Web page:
Sensitivity to Impact: Noonan et al. (2008) examined the effect of associated spinal cord injury (SCI) secondary health conditions on health status and quality of life (Qo)L in SCI patients with traumatic central cord syndrome (N = 70). The physical component of the Short-Form Health Survey 36 (SF-36) was associated with bowel dysfunction, although the effect decreased when influencing factors were controlled for. These findings support prior studies showing that bowel dysfunction has an impact on Physical Functioning; it also helped to quantify the estimate of this effect.

Although this study had a number of limitations, including small sample size and lack of detail regarding severity of reported secondary health conditions, results were supported by Liu et al. (2009), who assessed the relationship between the severity of neurogenic bowel (using the Neurogenic Bowel Dysfunction [NBD] Score) and health-related QoL (using the SF-36) in persons with various degrees of SCI (N = 128). Results showed an inverse association between scores on the SF-36 and the NBD, in which persons with minor neurogenic bowel disorder had the highest scores on the SF-36, compared to persons with severe neurogenic bowel disorder, who had the lowest scores. Significant differences appeared on the physical functioning and physical component summary sub-scales.

Suggestions for Use: The evidence on the sensitivity of the SF-36 to bowel dysfunction after SCI is promising but there are a number of advantages and disadvantages associated with the SF-36 that should be considered.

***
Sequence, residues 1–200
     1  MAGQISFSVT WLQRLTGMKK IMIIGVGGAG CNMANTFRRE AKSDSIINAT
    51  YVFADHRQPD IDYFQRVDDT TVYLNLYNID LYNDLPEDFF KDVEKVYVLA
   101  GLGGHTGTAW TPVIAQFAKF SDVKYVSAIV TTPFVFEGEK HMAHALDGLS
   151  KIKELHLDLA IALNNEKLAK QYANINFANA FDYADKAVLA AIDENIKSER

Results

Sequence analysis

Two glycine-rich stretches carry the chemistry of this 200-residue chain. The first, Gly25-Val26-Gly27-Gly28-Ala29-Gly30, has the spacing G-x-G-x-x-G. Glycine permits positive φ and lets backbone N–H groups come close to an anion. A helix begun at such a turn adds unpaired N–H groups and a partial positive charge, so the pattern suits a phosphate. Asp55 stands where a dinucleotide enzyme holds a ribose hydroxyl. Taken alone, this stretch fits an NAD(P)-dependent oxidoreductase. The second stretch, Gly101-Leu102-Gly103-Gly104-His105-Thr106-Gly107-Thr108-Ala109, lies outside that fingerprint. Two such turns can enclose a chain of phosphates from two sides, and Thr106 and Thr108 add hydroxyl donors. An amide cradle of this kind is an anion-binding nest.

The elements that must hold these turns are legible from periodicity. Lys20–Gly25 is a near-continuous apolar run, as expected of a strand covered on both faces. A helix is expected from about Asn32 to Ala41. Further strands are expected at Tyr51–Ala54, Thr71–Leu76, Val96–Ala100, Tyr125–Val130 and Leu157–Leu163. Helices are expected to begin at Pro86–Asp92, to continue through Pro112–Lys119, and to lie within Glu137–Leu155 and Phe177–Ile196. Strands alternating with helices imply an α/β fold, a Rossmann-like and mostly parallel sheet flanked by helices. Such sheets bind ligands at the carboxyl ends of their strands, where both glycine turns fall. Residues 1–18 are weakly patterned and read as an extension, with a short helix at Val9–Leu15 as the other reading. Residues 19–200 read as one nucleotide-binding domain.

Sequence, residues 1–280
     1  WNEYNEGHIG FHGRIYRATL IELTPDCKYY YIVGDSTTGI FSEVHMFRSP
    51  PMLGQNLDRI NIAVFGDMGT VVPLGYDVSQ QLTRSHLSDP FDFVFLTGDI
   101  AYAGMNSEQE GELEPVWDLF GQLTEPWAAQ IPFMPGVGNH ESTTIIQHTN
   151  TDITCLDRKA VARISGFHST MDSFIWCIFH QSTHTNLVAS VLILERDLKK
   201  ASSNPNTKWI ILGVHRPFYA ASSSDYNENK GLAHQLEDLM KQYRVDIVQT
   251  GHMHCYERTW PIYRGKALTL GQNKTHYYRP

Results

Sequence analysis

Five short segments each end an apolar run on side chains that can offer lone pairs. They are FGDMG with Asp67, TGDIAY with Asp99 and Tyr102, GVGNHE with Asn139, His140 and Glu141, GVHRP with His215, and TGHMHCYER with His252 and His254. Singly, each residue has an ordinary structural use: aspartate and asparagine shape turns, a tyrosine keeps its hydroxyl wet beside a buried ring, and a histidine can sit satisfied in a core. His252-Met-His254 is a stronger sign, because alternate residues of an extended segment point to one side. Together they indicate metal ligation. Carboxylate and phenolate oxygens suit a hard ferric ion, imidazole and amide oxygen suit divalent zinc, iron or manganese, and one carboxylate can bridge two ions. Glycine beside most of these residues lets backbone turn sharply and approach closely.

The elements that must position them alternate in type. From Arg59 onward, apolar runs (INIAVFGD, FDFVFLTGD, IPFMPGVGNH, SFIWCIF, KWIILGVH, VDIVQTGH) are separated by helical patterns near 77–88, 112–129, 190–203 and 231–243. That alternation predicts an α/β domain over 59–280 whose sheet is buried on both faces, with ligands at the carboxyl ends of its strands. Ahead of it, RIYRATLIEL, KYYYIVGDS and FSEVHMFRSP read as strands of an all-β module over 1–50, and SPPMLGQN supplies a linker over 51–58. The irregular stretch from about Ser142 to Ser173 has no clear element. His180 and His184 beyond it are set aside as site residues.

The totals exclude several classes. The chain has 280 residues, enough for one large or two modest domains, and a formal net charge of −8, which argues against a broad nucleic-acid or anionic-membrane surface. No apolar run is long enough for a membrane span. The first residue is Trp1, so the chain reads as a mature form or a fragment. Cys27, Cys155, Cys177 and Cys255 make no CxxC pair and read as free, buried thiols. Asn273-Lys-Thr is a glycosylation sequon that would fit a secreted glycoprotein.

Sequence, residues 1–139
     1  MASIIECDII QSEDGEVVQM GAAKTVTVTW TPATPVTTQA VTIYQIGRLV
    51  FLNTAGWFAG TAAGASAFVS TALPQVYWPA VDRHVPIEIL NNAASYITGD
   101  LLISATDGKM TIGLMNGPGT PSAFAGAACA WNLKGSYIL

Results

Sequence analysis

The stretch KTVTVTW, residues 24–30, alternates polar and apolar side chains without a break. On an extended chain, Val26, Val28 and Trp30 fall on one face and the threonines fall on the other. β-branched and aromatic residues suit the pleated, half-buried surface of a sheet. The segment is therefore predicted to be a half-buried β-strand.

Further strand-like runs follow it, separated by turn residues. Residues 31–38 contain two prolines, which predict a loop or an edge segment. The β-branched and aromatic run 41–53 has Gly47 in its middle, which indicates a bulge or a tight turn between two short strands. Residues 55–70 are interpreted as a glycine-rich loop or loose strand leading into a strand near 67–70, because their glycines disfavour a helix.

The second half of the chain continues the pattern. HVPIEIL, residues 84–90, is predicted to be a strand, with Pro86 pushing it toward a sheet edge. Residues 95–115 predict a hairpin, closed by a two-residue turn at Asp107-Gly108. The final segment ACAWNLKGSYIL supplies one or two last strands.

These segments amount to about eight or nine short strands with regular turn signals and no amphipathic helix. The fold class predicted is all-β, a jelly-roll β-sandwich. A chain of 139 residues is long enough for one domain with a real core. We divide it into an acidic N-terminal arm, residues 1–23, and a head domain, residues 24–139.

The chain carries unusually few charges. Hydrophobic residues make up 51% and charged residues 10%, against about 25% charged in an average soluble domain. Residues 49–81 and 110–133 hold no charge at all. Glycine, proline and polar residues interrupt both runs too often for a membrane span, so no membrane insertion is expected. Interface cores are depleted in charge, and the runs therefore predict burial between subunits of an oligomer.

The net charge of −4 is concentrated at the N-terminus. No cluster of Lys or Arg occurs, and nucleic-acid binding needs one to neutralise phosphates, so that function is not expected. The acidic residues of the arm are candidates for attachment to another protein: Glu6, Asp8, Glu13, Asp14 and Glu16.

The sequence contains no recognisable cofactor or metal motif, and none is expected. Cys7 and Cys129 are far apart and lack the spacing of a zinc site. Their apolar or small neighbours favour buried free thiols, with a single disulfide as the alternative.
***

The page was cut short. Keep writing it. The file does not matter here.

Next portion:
The SF-36 and its derivative (SF-12) are the most widely used measures of health status, which allows for the evaluation of various patient populations. The SF-36 has therefore been used widely in the SCI literature. However, there is some controversy regarding this measure of health-related QoL, which has items that are not well-suited (e.g., items related to walking), or are viewed as demeaning to persons with SCI. There are also reported floor and ceiling effects. For a full review of the issues associated with the SF-36, refer to Hays et al. [1] and/or Andresen et al. [2]. 

The limitations associated with the SF-36 may be minimized by using it in conjunction with condition-specific tools (e.g., NBD and/or other measures of symptom impact). The SF-36 has been endorsed by the Spinal Cord Outcomes Partnership Endeavor (SCOPE) [3], which is a broad-based international consortium of scientists and clinical researchers representing academic institutions, industry, government agencies, not-for-profit organizations and foundations. The endorsement, however, is not specific for assessing the impact of bowel dysfunction.

Additional References:

  1. Hays RD, Hahn H, Marshall G. Use of the SF-36 and other health-related quality of life measures to assess persons with disabilities. Arch Phys Med Rehabil 2002;83:S4-S9.

  2. Andresen EM, Fouts BS, Romeis JC, Brownson CA. Performance of health-related quality-of-life instruments in a spinal cord injured population. Arch Phys Med Rehabil 1999;80:877-84.

  3. Alexander MS, et al. Outcome measures in spinal cord injury: Recent assessments and recommendations for future directions. Spinal Cord 2009:1-10.